by CIO Staff

Microsoft’s Unified Communications Plan Unveiled

Jun 27, 20063 mins
Enterprise Applications

Microsoft, the world’s leading producer of software, on Monday detailed its plan to extend the reach of its business software to telephones, instant messages, e-mail and other related communications technologies, in an effort to convince businesses that its upcoming Office product suite can be a single solution for all their complex communications needs, the Seattle Post-Intelligencer reports.

Microsoft showcased a number of planned products at an event in San Francisco on Monday that are meant to help link such communications technologies as traditional phone calls, e-mails and videoconferences, among others, according to the Post-Intelligencer.

Jeff Raikes, Microsoft business division president, said, “We are significantly expanding the capabilities that we offer,” according to the Post-Intelligencer.

The Redmond, Wash.-based software giant also addressed reports that IBM is connecting some capabilities of its Lotus Sametime instant messenger program and Web conferencing application to some Microsoft programs like its Office line and Outlook e-mail programs, the Post-Intelligencer reports, to enable users to launch Sametime applications via Microsoft programs.

“What IBM is announcing is not surprising, and it validates what have been core tenets of our real-time collaboration efforts for some time—that presence should not live in the [instant messaging] silo and that interoperability is key,” Microsoft said in a statement, according to the Post-Intelligencer.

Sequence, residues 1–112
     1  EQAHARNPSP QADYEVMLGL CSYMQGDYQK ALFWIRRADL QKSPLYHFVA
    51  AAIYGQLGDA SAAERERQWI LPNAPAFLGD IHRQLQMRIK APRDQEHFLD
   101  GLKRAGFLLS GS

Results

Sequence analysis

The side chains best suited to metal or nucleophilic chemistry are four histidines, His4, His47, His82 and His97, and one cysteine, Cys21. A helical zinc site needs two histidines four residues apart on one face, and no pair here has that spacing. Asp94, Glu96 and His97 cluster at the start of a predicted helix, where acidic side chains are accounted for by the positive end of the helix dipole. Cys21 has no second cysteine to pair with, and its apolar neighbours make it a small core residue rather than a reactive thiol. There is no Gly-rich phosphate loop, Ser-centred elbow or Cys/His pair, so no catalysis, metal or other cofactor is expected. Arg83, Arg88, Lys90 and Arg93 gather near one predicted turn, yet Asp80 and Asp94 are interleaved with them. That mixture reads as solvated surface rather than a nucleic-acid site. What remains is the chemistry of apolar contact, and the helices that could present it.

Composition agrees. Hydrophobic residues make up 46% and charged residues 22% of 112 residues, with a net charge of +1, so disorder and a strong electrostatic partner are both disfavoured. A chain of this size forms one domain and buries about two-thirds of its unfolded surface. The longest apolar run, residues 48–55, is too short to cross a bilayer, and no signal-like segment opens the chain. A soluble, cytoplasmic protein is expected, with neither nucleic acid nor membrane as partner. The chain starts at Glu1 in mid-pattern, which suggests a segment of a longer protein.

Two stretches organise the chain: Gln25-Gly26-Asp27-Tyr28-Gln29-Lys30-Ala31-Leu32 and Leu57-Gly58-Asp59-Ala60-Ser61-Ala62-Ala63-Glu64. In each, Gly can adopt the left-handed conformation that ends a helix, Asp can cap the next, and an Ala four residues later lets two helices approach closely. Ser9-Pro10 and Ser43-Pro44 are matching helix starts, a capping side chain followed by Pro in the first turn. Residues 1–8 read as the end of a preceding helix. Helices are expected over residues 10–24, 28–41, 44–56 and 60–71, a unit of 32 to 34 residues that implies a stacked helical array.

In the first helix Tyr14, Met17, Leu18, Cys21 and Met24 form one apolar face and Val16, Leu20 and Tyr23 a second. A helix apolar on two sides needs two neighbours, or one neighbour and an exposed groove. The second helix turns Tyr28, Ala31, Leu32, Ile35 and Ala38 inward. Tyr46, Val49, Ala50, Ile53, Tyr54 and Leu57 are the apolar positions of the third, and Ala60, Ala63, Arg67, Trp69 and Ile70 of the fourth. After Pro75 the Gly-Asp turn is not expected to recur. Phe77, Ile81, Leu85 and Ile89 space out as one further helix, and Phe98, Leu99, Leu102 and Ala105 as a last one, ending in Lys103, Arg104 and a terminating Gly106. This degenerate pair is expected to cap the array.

Microsoft’s Communications Server currently connects with its Windows server application to offer similar capabilities, but connectivity between IBM’s Lotus Sametime and Microsoft’s Office and Outlook would give users the ability to run Linux or other operating systems instead of just Windows, according to the Post-Intelligencer.

The upcoming products, including Office Communicator 2007, Office Live Meeting and Exchange 2007 Unified Messaging, are meant to route communications to employees’ office phones, cell phones, e-mail or fax numbers, the Post-Intelligencer reports.

Microsoft is looking to grow its Office user base by delving into communications programs, and it expects the majority of its new product offerings, such Office Communications Server 2007, an update to its Live Communications Server, to be available by mid-year 2007, the Post-Intelligencer reports.

The majority of today’s businesses currently look to multiple vendors to provide communications like phone service, voice messages and e-mail, but Microsoft is attempting to prove that all such services can be provided by one company.

Related Links:

  • Microsoft Tests Office 2007 Online

  • Microsoft Unveils ‘CodePlex’ Website

This article is posted on our Microsoft Informer page. For more news on the Redmond, Wash.-based powerhouse, keep checking in.

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